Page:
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Florida Legislature

  1. House and Senate want to cut Orlando prosecutor's budget over death penalty comments

    Blogs

    State lawmakers are trying to cut the budget of State Attorney Aramis Ayala, the Orlando-area prosecutor who said she would not pursue the death penalty while in office.

    In a press conference on the steps of the Orange County Courthouse Thursday, March 16, 2017, Orange-Osceola State Attorney Aramis Ayala announces that her office will no longer pursue the death penalty as a sentence in any case brought before the 9th Judicial Circuit of Florida.
  2. Florida considering slavery memorial at state Capitol

    Legislature

    TALLAHASSEE — Florida may construct a memorial on state Capitol grounds reminding visitors that slavery was once allowed in the nation's third-largest state.

  3. FPL's fracking investment bill passes committee despite objections

    State Roundup

    TALLAHASSEE — A House committee overlooked opposition by residential and commercial utility customers Tuesday and approved a proposal sought by Florida Power & Light to allow the company to expand its rate base by charging customers for investments in natural gas fracking operations in other states.

    Fracking.
  4. Hoodwinked! Lawmaker says prison privatization is scamming Florida

    State Roundup

    TALLAHASSEE — Numbers don't lie and Florida's private prisons are not saving money as promised, according to an investigation by Rep. David Richardson, a retired forensic auditor.

    Rep. David Richardson, D- Miami Beach, has become a one-man wrecking crew in forcing the state to provide more oversight of its state prisons. [Scott Keeler | Tampa Bay Times]
  5. Medical marijuana bill moves in Florida House, but draws critics for being too restrictive

    State Roundup

    TALLAHASSEE — A powerful Florida House Republican said Tuesday he'll consider revising his plan for medical pot after drawing criticism from marijuana supporters.

    The medical marijuana legislation being shepherded by House Majority Leader Ray Rodrigues, R-Estero, includes bans on smoking, vaping edibles. Pictured is vials of medical marijuana oil. [Monica Herndon | Tampa Bay Times]
  1. FPL's fracking investment bill passes committee despite objections

    State Roundup

    TALLAHASSEE — A House committee overlooked opposition by residential and commercial utility customers Tuesday and approved a proposal sought by Florida Power & Light to allow the company to expand its rate base by charging customers for investments in natural gas fracking operations in other states.

    Fracking.
  2. Hoodwinked! Lawmaker says prison privatization is scamming Florida

    State Roundup

    TALLAHASSEE — Numbers don't lie and Florida's private prisons are not saving money as promised, according to an investigation by Rep. David Richardson, a retired forensic auditor.

    Rep. David Richardson, D- Miami Beach, has become a one-man wrecking crew in forcing the state to provide more oversight of its state prisons. [Scott Keeler | Tampa Bay Times]
  3. Parents want daily school recess. The Florida House won't give them that.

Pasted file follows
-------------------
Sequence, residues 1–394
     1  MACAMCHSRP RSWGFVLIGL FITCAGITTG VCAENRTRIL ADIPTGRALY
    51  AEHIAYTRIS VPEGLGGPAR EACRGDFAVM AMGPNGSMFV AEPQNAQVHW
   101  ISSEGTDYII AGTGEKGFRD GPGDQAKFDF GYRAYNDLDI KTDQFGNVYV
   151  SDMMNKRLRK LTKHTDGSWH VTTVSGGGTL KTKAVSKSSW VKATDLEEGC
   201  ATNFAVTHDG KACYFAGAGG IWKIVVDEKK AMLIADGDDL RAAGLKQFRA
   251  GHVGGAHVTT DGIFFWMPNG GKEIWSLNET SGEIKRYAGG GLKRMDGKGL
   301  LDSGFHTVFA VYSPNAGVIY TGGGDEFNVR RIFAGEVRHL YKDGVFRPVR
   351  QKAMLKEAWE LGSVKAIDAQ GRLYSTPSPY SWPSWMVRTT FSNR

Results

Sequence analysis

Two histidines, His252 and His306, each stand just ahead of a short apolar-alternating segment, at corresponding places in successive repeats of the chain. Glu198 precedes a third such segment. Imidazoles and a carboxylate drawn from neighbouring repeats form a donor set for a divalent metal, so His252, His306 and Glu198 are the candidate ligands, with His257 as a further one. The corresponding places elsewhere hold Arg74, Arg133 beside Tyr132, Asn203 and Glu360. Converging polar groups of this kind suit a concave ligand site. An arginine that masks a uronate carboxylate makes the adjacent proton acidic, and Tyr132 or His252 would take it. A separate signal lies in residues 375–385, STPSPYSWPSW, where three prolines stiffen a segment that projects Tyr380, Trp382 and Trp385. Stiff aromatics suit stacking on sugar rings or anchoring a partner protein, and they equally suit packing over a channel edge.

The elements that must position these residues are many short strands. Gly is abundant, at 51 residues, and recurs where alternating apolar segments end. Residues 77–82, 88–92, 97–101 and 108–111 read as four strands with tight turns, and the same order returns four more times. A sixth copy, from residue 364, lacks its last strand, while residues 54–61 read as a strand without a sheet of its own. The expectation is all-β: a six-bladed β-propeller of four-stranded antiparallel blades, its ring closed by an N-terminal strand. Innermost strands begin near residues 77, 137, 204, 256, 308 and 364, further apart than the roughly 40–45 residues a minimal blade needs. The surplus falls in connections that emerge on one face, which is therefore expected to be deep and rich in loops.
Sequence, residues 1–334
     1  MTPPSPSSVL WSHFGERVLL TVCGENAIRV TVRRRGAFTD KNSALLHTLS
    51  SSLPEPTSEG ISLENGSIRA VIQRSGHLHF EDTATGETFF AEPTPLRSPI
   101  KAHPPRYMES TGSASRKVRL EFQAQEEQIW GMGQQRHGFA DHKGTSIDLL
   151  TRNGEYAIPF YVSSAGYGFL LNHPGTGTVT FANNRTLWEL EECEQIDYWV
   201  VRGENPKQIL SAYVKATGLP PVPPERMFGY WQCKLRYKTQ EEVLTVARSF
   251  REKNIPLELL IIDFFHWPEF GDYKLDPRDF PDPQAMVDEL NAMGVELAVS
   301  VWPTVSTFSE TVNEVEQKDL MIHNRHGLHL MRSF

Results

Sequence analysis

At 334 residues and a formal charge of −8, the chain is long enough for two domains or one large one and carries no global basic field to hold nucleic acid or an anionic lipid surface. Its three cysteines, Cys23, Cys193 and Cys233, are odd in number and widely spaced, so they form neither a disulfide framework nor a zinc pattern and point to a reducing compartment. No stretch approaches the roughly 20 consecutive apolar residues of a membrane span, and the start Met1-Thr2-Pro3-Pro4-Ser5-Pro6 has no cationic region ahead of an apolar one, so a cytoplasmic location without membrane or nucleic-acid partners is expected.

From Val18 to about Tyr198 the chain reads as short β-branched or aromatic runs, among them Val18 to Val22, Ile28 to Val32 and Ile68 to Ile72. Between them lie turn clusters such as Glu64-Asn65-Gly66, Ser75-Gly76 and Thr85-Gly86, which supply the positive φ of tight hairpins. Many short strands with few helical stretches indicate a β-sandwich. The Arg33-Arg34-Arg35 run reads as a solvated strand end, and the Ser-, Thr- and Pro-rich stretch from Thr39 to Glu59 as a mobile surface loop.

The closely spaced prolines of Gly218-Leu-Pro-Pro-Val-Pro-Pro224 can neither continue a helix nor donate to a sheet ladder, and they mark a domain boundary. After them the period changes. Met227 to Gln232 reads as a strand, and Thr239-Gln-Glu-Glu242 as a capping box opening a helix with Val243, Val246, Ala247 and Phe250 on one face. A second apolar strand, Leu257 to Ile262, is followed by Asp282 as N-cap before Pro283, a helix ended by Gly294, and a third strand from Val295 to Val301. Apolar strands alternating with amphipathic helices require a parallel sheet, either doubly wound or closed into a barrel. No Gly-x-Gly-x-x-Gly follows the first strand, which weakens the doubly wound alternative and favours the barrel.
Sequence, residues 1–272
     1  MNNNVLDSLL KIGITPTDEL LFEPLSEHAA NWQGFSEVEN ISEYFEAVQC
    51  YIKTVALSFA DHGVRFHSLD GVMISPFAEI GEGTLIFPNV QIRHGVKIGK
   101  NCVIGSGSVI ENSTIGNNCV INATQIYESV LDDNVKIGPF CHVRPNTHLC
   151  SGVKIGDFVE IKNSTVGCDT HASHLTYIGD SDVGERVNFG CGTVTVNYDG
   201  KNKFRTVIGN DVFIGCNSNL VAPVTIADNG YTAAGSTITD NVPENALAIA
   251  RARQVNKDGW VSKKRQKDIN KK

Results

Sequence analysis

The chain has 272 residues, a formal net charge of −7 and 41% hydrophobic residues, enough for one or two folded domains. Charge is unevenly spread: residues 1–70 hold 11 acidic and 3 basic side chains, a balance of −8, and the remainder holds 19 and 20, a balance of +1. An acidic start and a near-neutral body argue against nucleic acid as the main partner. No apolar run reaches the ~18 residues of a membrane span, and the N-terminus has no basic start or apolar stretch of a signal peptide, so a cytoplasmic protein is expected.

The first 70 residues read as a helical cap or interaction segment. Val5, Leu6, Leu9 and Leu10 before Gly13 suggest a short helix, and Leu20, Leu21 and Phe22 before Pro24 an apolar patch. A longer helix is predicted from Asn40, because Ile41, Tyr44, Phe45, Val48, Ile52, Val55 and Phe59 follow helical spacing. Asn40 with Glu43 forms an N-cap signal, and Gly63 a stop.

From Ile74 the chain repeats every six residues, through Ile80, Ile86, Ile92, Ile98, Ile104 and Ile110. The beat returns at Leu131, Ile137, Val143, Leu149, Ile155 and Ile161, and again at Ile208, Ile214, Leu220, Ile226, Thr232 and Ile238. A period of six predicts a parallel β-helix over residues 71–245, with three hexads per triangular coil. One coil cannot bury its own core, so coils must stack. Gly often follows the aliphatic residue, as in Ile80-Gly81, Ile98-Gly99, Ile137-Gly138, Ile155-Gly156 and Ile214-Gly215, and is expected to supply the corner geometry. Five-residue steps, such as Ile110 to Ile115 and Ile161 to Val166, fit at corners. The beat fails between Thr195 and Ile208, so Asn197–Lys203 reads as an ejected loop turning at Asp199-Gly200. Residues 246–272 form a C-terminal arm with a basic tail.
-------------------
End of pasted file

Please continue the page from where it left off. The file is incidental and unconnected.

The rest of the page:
State Roundup

    TALLAHASSEE — Florida parents seeking more recess time for their children suffered a setback Tuesday, when state lawmakers significantly watered down a proposal that was supposed to require 20 minutes of daily recess for all public elementary students.

    Fifth grade students at John M. Sexton Elementary School, St. Petersburg, participate in field games during a 15 minute recess, each school day. The students also have Physical Education class three times a week at the school. In Miami-Dade County, elementary children are supposed to get it at least two to three days a week, with a few schools testing out the five-day model. [Scott Keeler | Tampa Bay Times]
  4. Florida House won't count computer coding as foreign language for high school students

    State Roundup

    TALLAHASSEE — The Florida House isn't supporting a controversial proposal to let high school students count computer coding as a foreign language course, likely stalling the concept for the second straight session.

  5. Fighting City Hall: Push for more state control angers cities and counties

    Legislature

    TALLAHASSEE — You can fight City Hall. The state Legislature does it all the time.

    Cities and counties are fighting legislation this year that would dramatically limit their home rule powers. Florida House Speaker Richard Corcoran, R-Wesley Chapel, left, says states have powers over local governments that are guaranteed in the Constitution. Sen. Tom Lee, R-Thonotosassa, is pushing legislation that would increase the homestead exemption on property taxes from $50,000 to $75,000. If passed, it would cost cities and counties in Florida about $700 million. ([

Steve Bousquet | Tampa Bay Times]
  1. Hoodwinked! Lawmaker says prison privatization is scamming Florida

    State Roundup

    TALLAHASSEE — Numbers don't lie and Florida's private prisons are not saving money as promised, according to an investigation by Rep. David Richardson, a retired forensic auditor.

    Rep. David Richardson, D- Miami Beach, has become a one-man wrecking crew in forcing the state to provide more oversight of its state prisons. [Scott Keeler | Tampa Bay Times]
  2. Florida House won't count computer coding as foreign language for high school students

    State Roundup

    TALLAHASSEE — The Florida House isn't supporting a controversial proposal to let high school students count computer coding as a foreign language course, likely stalling the concept for the second straight session.

  3. Fighting City Hall: Push for more state control angers cities and counties

    Legislature

    TALLAHASSEE — You can fight City Hall. The state Legislature does it all the time.

    Cities and counties are fighting legislation this year that would dramatically limit their home rule powers. Florida House Speaker Richard Corcoran, R-Wesley Chapel, left, says states have powers over local governments that are guaranteed in the Constitution. Sen. Tom Lee, R-Thonotosassa, is pushing legislation that would increase the homestead exemption on property taxes from $50,000 to $75,000. If passed, it would cost cities and counties in Florida about $700 million. ([

Steve Bousquet | Tampa Bay Times]
  4. How Walmart's decision to leave Midtown played into a Darryl Rouson vote

    Blogs

    The Florida Senate's vote on the so-called "whiskey to Wheaties" bill was a tight one, narrowly passing 21-17.

    Sen. Darryl Rouson, D-St. Petersburg
  5. Caught in crossfire between Rick Scott and Richard Corcoran, group fights for survival

    State Roundup

    TALLAHASSEE — While the prospect of another round of military base closures is getting more talk in Washington, the Florida Legislature is taking steps to kill off a non-profit created to help keep Florida bases off the chopping block.